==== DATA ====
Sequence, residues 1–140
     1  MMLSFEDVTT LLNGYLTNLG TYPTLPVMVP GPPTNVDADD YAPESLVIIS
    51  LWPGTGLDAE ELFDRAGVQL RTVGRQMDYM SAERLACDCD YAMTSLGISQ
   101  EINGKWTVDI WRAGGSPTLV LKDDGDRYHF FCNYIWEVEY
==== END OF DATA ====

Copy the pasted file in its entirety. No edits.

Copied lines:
Sequence, residues 1–140
     1  MMLSFEDVTT LLNGYLTNLG TYPTLPVMVP GPPTNVDADD YAPESLVIIS
    51  LWPGTGLDAE ELFDRAGVQL RTVGRQMDYM SAERLACDCD YAMTSLGISQ
   101  EINGKWTVDI WRAGGSPTLV LKDDGDRYHF FCNYIWEVEY